All for a Song Reviewed By Conny Crisalli of
Conny Withay

Reviewer Conny Withay:Operating her own business in office management since 1991, Conny is an avid reader and volunteers with the elderly playing her designed The Write Word Game. A cum laude graduate with a degree in art living in the Pacific Northwest, she is married with two sons, two daughters-in-law, and three grandchildren.

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By Conny Withay
Published on November 28, 2012

Author: Allison Pittman
Publisher: Tyndale House Publishers, Inc.
ISBN: 978-1-4143-6680-7


Author: Allison Pittman
Publisher: Tyndale House Publishers, Inc.
ISBN: 978-1-4143-6680-7

So I decided there is nothing better than to enjoy food and drink and to find satisfaction in work. Then I realized that these pleasures are from the hand of God. For who can eat or enjoy anything apart from Him?” is the Bible verse from Ecclesiastes 2:24-25 (NLT) quoted in Allison Pittman’s historical Christian novel, All for a Song.

With three hundred and fifty-seven pages, this paperback has a photograph of a woman from the 1920’s on the front cover and paragraphs about the book with the author’s biography and small photograph on the back. There is no profanity in the book, but the subject matter of promiscuity, smoking, dancing and kissing may be unacceptable for immature preteen age or younger readers. At the end of the novel, there are twelve discussion questions to ponder. This reader wishes all pronouns in regard to God would be capitalized for reverence.

The author weaves a romantic story based during the Roaring Twenties of Dorothy Lynn Dunbar, both as a naïve, young Christian nineteen year old girl and a one hundred and seven year old woman in an assisted living home, jumping back and forth through marked font changes from her years coming of age to looking back at her life in her feeble age. When Dorothy’s father dies and handsome Brent takes over his position as pastor in their rural town of Heron’s Nest, Dorothy becomes quickly engaged but is torn if it is God’s will or is there something missing from her predictable life. To clear her mind, she visits her married sister in St. Lois so the sibling can sew her wedding dress. Immediately captivated by the bustling city life, Dorothy is noticed for her wholesomeness and singing voice by divorced thirty year old Roland Lundi, sweet-talking, cigarette-smoking manager of the famous Aimee Semple McPherson, the real life charismatic female evangelist of the era. The worldly Lundi convinces the guileless girl to travel with the crusade to Los Angeles where McPherson is establishing a new Pentecostal church, using the lure that Dorothy can find her brother. The unsophisticated Dorothy not only becomes enamored in singing songs to Jesus in front of an attentive audience but is caught up in the social, materialistic world that envelopes her.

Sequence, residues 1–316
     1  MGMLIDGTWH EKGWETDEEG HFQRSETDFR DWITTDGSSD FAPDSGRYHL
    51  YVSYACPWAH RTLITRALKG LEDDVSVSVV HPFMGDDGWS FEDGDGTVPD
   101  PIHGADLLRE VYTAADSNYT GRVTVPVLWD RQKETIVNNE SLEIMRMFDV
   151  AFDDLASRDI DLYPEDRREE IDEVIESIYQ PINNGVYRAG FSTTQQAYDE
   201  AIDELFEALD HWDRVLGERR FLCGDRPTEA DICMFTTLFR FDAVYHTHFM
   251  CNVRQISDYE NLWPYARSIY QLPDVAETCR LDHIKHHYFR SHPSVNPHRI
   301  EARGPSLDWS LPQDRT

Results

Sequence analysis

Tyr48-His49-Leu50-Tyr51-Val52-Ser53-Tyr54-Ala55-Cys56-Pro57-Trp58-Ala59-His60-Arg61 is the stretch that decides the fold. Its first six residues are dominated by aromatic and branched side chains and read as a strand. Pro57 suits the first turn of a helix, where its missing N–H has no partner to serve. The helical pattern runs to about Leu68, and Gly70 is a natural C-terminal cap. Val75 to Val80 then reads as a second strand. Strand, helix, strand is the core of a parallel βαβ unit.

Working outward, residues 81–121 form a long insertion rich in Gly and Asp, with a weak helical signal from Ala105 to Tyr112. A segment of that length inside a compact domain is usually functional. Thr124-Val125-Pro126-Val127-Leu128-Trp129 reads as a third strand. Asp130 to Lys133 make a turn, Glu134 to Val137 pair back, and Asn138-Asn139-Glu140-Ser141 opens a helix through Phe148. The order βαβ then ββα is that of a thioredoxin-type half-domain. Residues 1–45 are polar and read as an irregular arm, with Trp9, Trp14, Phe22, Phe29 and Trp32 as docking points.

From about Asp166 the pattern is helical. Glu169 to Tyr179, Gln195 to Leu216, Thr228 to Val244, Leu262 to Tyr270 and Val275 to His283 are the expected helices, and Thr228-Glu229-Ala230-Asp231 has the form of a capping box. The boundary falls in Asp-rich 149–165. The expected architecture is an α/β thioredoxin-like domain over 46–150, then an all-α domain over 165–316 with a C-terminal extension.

Reverting every few chapters to her aged, weaken state of having a stroke and unable to speak, she reminisces and recalls the fear, love and forgiveness the Lord gives her as Charlotte, an unknown but somehow familiar visitor, spends time with her on her birthday. The reader is guessing every quickly-turned page if Dorothy regrets her long-ago decisions and forgives as she looks forward to being with Jesus eternally.

With the focus circling around an iconic leader such as McPherson, one easily understands the society, culture and temptations of the time and lifestyle in regard to women, their newfound “flapper” apparel, behavior and attitudes. The book not only puts the Roaring Twenties into perspective, but how decisions based on God’s will change one’s path in life.

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